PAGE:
As cops 'n' robbers MMO All Points Bullet reaches its North American release date tomorrow, prospective players have been researching the game's pricing structure in order to determine which subscription model will work best for them. Revealed at the end of April, APB's pricing seemed very flexible, with deals for pre-orders and unlimited playtime purchases. Realtime Worlds had also announced an in-game currency called RTW that can be used for incentives like character customization, game time and other heretofore unannounced uses.
However, last Thursday APB forum poster tripthedancers noticed a VOIP Premium button on his account page that promptly sent warning sirens screaming through the APB community. When used, the VOIP button will remove voice adverts from APB's voice chat anywhere from 30 to 180 days, depending on how much you'd like to pay to avoid being advertised to in-game.
Although APB community officer Toxico was quick to explain that the adverts only played infrequently and only when entering a district, many players are still infuriated over being advertised to in a pay-to-play environment. What makes the situation even worse is that Realtime Worlds failed to disclose the existence of voice-chat channel advertisements until they were caught.
Unfortunately, the enraged reaction to APB's voice adverts is probably less about this one specific example and more in response to the ongoing tug-of-war between the advertising industry, the gaming industry and the actual gamers. The first two desperately want a crack at influencing the coveted 18-34 male gamer demographic and the gamers are just generally sick of being advertised to.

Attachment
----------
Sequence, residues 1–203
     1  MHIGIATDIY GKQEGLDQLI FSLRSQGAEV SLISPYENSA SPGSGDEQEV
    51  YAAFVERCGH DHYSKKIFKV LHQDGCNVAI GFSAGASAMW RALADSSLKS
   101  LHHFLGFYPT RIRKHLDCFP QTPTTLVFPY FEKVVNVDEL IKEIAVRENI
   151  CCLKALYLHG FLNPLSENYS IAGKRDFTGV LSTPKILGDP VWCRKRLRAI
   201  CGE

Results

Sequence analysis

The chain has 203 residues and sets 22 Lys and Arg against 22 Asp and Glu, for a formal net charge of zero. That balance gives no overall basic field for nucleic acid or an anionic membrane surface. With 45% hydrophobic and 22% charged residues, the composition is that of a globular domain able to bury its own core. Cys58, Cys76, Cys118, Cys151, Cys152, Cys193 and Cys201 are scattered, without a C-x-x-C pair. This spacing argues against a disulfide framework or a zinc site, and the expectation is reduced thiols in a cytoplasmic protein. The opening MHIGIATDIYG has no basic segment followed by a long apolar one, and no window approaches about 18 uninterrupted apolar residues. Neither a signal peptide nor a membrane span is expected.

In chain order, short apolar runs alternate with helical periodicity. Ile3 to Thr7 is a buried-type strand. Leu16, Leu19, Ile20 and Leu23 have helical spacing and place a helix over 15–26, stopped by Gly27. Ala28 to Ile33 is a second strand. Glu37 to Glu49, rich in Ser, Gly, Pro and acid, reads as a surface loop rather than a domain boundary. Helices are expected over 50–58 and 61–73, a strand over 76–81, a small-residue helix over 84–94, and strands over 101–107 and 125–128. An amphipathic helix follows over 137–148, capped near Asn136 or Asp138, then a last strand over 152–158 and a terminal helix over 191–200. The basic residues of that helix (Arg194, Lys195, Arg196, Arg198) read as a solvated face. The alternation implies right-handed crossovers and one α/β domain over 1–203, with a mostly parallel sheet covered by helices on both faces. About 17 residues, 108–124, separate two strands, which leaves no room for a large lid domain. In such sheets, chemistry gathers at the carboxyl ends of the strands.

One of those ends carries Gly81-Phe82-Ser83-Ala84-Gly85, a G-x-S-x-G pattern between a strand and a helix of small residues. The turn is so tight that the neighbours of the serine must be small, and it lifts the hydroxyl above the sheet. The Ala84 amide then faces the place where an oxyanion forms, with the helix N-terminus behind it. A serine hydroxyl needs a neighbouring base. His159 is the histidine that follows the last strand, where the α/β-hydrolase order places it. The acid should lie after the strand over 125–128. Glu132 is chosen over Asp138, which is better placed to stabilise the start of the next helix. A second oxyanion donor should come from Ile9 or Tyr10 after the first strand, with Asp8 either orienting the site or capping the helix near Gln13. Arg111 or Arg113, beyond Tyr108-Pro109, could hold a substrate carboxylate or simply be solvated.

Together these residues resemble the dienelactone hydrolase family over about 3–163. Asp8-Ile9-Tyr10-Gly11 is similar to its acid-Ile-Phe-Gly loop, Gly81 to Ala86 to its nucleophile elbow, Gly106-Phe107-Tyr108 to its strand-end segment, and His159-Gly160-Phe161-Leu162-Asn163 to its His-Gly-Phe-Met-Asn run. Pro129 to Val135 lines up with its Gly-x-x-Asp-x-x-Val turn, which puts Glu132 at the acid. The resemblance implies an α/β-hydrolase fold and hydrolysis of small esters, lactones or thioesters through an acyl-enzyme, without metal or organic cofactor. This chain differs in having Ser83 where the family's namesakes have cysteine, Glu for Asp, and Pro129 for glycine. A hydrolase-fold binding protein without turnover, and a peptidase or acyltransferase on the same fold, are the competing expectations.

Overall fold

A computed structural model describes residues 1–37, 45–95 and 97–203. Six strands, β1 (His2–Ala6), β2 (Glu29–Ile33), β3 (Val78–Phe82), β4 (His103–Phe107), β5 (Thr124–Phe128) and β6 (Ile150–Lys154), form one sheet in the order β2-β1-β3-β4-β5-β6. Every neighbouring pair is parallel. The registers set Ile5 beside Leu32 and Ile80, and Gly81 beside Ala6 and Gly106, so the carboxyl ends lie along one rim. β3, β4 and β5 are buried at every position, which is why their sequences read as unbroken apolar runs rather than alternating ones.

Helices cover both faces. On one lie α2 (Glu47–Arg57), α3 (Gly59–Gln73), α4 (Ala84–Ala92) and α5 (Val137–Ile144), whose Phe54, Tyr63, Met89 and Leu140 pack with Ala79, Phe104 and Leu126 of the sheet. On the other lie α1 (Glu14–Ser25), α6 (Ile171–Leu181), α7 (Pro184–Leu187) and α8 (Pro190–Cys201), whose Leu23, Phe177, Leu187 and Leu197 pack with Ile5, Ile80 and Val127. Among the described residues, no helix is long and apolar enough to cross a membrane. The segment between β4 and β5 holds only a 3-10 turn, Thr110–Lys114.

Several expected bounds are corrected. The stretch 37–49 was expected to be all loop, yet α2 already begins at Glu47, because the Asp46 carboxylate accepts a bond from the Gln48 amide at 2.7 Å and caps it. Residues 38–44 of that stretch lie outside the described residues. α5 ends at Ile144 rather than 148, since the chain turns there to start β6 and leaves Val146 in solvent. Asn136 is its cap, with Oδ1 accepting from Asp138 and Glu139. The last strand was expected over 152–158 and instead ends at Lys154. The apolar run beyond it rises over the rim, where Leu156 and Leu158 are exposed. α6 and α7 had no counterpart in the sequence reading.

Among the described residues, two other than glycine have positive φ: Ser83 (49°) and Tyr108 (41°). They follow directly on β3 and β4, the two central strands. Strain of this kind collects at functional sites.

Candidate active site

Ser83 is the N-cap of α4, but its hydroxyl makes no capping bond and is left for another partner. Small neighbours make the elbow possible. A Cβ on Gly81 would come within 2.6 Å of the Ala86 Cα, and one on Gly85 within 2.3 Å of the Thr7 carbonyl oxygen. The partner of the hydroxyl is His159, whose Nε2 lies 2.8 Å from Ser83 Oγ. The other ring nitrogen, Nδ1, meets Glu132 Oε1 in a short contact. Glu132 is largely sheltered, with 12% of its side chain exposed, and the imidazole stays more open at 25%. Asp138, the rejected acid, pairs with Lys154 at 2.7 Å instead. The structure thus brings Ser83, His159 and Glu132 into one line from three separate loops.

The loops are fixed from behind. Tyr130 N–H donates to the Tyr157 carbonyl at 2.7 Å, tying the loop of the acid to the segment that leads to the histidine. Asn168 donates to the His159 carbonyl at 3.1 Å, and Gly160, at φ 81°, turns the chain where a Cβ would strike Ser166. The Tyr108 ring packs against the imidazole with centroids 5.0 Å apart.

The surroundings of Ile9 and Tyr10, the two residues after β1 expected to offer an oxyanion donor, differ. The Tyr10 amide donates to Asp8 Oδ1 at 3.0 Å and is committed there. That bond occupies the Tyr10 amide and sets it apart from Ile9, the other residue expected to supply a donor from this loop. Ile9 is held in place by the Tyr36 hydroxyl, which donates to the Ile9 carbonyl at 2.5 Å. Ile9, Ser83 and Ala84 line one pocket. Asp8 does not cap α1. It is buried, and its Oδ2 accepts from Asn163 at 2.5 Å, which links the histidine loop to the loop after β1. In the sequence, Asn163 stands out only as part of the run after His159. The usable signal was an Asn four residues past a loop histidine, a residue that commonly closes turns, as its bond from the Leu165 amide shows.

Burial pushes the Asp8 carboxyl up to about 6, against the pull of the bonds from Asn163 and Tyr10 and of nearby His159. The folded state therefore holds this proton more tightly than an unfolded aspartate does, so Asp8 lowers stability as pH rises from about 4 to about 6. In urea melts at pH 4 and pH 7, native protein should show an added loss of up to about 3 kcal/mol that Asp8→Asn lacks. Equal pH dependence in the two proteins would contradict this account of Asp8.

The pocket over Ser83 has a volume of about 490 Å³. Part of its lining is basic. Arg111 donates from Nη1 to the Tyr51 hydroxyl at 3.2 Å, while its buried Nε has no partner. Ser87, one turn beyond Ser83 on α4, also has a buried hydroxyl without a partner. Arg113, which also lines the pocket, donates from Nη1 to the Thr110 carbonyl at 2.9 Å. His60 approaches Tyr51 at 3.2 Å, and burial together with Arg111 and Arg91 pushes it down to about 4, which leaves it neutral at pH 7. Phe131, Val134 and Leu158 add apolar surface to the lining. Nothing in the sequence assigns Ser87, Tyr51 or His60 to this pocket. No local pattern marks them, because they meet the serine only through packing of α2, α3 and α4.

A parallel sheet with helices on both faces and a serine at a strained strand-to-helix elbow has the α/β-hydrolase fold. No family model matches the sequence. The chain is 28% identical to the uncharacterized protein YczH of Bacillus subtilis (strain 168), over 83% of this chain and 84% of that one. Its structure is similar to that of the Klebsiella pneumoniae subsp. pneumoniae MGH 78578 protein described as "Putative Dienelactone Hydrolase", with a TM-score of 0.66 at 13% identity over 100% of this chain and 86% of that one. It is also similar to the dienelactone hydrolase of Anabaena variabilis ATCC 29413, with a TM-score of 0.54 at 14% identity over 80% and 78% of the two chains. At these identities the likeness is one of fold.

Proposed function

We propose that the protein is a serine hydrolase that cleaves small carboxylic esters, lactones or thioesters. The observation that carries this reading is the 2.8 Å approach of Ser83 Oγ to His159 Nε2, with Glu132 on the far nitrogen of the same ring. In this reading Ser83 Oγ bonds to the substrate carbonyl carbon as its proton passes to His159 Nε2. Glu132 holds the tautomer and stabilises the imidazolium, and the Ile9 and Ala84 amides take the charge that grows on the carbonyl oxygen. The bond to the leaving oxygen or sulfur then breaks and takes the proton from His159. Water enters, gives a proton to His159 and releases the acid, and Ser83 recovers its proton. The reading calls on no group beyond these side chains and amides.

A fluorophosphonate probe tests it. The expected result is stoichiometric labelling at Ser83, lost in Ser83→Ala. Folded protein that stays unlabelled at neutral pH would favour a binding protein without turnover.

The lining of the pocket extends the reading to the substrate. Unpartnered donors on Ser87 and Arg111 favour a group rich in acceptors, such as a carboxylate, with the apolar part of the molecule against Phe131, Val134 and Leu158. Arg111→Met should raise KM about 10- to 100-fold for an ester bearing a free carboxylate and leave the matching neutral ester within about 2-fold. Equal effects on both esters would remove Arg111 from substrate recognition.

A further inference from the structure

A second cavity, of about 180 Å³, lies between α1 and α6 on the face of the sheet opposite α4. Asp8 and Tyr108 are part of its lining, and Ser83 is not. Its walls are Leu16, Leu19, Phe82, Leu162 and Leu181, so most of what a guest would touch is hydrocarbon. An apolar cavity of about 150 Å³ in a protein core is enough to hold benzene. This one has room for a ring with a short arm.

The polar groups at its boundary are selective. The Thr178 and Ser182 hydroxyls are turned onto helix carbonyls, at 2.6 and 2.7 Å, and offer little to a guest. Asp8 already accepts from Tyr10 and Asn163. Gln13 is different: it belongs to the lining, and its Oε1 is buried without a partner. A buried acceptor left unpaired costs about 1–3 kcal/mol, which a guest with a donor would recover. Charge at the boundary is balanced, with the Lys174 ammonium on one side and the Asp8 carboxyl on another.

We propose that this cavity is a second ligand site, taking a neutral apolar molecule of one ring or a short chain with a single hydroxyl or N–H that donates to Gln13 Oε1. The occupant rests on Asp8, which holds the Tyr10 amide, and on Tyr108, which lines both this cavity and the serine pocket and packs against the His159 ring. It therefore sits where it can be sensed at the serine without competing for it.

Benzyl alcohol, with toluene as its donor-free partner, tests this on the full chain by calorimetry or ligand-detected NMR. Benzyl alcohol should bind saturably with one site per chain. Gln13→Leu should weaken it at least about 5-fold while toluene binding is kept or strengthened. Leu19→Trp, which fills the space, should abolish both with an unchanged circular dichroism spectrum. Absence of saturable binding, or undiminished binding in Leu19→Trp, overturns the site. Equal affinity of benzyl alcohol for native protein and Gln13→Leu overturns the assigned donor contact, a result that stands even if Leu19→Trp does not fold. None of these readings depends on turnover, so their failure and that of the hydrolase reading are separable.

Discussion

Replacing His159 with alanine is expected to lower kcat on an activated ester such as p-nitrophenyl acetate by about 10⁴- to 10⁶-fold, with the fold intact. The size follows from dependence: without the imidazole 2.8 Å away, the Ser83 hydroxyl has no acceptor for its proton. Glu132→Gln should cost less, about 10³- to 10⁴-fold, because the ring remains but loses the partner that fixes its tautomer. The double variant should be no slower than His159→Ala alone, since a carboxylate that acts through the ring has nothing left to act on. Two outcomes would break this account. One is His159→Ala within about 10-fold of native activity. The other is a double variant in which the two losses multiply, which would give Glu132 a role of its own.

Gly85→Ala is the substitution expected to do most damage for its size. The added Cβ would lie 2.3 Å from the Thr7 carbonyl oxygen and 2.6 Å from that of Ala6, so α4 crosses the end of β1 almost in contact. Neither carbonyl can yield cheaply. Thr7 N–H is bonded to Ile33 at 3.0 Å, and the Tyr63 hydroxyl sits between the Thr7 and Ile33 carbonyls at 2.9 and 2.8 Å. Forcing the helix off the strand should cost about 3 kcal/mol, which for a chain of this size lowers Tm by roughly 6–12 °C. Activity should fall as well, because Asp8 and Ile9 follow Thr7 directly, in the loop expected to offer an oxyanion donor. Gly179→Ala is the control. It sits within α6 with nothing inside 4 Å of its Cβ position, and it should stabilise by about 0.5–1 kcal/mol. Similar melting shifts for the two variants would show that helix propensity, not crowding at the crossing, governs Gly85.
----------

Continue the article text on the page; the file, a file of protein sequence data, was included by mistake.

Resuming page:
For the gamers, however, this is probably a losing battle. Some estimates place in-game ads as a potentially significant revenue stream, to the tune of several billion dollars over the next few years and even more going forward. That being said, gamers would probably lose a lot of vehemence toward such ads if money earned through in-game advertising were being passed on to the consumer. For example, if games featuring heavy advertisements were sold at a discounted rate, gamers might find themselves changing their tune and even welcoming advertisements, so long as they didn't ruin a game's sense of immersion.
What's your stance on in-game advertising? Is it an opportunity to expand the industry or a blight that represents all the worst of free-market capitalism?
APB will be holding up virtual banks starting 6/29 in the U.S. and 7/1 and 7/2 in the EU and UK, respectively.